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What's Being Added to Your Food?
Q: What's your first reaction when you hear that you'll soon be able to buy orange juice spiked with anchovies?
How about broccoli and kale hiding in a bar of chocolate or a super-cheese that has the power to kill off unwanted intestinal parasites?
If you're anything like me, you are probably wrinkling your nose and thinking "yuck!"
Or maybe you're shaking your head at the brave new world of Frankenfoods. Either way, the next wave of "functional foods" doesn't make a great first impression on most of us.
But that hasn't stopped food giants like Dannon, Kraft and General Mills from messing around in their giant labs and grafting "superfood benefits" onto regular everyday foods.
The latest trend is to add omega-3 fatty acids (from anchovies), antioxidants and anti-inflammatories (from broccoli, beets and other fruits and vegetables) and other health supplements to orange juice, cereal, peanut butter, salsa and other modern-day staples.
According to an article in the New York Times, this new crop of additives—microencapsulated nutrients isolated from fish, berries, tomatoes and such—are the next evolution of modified foods. Like fortified milk, the claim is that they'll add health benefits without changing the taste of, say, orange juice.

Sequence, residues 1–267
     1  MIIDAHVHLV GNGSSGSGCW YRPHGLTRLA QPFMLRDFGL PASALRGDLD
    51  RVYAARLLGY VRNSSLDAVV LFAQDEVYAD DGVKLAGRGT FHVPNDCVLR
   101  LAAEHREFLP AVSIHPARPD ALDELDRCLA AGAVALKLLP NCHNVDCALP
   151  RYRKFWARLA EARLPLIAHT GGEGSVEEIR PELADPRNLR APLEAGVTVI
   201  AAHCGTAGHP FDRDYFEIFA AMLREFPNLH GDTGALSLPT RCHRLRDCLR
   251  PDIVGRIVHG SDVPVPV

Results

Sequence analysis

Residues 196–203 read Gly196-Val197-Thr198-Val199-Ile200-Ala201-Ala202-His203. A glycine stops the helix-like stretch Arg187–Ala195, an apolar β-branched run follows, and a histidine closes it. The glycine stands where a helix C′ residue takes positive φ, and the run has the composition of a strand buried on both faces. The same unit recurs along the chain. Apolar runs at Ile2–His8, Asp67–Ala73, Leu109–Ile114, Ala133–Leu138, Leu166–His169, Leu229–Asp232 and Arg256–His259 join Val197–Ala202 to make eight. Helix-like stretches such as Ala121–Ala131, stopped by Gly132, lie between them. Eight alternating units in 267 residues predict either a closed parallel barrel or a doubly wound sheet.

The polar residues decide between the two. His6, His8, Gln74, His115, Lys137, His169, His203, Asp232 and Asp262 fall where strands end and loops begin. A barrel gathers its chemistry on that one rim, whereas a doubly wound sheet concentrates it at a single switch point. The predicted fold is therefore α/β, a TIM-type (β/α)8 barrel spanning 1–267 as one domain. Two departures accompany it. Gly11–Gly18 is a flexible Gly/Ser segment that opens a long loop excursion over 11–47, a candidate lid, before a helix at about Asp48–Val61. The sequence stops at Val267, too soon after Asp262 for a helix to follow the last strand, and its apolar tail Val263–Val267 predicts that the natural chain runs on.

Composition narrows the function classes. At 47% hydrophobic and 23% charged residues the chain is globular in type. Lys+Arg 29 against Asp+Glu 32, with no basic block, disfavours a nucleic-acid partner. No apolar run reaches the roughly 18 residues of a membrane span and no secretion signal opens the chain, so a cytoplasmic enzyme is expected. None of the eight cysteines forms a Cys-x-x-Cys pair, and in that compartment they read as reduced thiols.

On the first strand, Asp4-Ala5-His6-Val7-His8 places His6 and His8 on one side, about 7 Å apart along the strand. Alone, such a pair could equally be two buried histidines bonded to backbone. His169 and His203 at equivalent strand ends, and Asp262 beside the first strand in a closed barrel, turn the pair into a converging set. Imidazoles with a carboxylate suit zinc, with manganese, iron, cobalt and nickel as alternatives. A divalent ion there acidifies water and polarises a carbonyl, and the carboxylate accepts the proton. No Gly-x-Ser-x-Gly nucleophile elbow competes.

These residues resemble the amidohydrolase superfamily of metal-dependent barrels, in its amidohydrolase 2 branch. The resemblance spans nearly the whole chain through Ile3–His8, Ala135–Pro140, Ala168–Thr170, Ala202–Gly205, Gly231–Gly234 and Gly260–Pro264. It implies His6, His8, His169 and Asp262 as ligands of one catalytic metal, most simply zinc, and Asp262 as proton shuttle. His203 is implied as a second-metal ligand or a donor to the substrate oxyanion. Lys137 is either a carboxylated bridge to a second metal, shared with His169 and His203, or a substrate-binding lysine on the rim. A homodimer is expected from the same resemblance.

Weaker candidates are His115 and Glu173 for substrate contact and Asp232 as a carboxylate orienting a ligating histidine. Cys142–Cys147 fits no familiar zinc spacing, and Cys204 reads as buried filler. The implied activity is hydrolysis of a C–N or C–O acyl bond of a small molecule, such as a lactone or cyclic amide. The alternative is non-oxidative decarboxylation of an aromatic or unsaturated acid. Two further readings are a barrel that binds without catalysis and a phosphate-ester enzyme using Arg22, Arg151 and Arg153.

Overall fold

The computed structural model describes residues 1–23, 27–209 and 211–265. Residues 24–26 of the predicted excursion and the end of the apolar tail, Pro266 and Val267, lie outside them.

Now, I'm wary of these "new and improved foods," but I'll play devil's advocate for a minute: What if it is better to sneak important nutrients into everyday foods?
After all, I don't eat fish three times a week, and I never eat anchovies on their own. In fact, if I encounter an anchovy, it's only because someone else ordered it on a pizza and I immediately peel it off my slice.
To get my recommended daily dose of omega-3 fatty acids, I take a couple flax seed oil capsules each morning, often with a glass of juice. So, how much difference is there, really, if those supplements are already laced into my orange juice?
I'm not sure. But it does make me wonder if I've been creating my own version of Frankenfoods for a long time anyway.